While some opportunistic politicians are still trying to make political hay out of it, acrylamide in food just isn’t the health threat they’d like it to be. Just yesterday, the Council for Agricultural Science and Technology (CAST, a nonprofit composed of scientific societies) released an issue paper on the science behind acrylamide in food, and the findings don’t look good for professional scaremongers. “There is scant evidence,” the CAST task force concluded, “that the consumption of foods containing acrylamide is harmful to humans.”
Supporting this finding is a news release issued yesterday by the Institute of Food Technologists at their Annual Meeting and Food Expo:
James Coughlin, a food toxicology expert from California, said a recent study in Germany of three men and three women given potato chips containing acrylamide found that more than half of the compound was excreted in their urine. Coughlin said the results were encouraging, but regulators don’t care as much about the positive studies as they do about the negative ones.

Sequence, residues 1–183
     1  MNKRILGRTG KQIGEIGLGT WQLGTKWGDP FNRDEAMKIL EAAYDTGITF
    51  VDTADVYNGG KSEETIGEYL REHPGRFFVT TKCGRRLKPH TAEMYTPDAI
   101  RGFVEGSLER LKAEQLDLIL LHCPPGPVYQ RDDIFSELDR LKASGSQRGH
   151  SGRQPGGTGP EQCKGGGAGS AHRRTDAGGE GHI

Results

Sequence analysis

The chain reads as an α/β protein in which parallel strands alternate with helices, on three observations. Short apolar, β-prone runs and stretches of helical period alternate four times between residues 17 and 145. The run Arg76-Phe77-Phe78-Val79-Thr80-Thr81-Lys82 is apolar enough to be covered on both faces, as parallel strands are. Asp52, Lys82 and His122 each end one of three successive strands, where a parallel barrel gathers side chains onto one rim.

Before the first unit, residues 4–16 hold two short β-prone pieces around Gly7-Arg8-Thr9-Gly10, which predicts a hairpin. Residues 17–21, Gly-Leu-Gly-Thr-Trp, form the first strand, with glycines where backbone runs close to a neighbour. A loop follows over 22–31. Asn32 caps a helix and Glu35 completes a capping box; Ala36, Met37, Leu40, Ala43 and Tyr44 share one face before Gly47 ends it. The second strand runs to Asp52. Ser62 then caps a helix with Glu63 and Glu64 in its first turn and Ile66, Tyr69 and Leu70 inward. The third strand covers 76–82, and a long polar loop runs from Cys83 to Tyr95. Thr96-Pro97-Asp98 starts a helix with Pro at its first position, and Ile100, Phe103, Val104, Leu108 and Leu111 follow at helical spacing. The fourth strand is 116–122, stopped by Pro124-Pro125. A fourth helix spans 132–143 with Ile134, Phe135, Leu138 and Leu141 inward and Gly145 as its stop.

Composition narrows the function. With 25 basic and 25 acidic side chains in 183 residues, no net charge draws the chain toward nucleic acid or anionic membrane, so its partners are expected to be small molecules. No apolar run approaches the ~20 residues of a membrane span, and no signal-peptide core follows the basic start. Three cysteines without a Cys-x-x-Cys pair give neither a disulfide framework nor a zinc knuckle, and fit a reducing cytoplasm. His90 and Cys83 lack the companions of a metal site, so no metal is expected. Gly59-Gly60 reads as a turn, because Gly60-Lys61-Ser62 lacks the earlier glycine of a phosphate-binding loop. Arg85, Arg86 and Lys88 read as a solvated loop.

“I think there’s something wrong with that,” Coughlin said.
The CAST issue paper also described the sensationalist tendencies that have made acrylamide in food sound dangerous despite a lack of evidence:
The FDA [Food and Drug Administration], the WHO [World Health Organization], the EU [European Union], and other bodies have stated that there is no indication at this time that consumers need to change the eating habits in response to the acrylamide findings … Nevertheless, the news headlines in the weeks after the announcement of the [initial discovery of acrylamide in food in 2002] were “Potato Chips Cause Cancer.”
This non-threat of a threat hasn’t stopped the activist scaremongers at the Center for Science in the Public Interest from complaining today about the FDA’s inaction on acrylamide in food, but these latest developments imply that the agency still doesn’t need to fix something that isn’t broken.
As the sixteenth-century chemist Paracelsus observed, the dose makes the poison. It turns out that in order to be in any real danger from acrylamide, a person of average weight would have to eat over 62 pounds of chips or 182 pounds of fries, every day, for his or her entire life.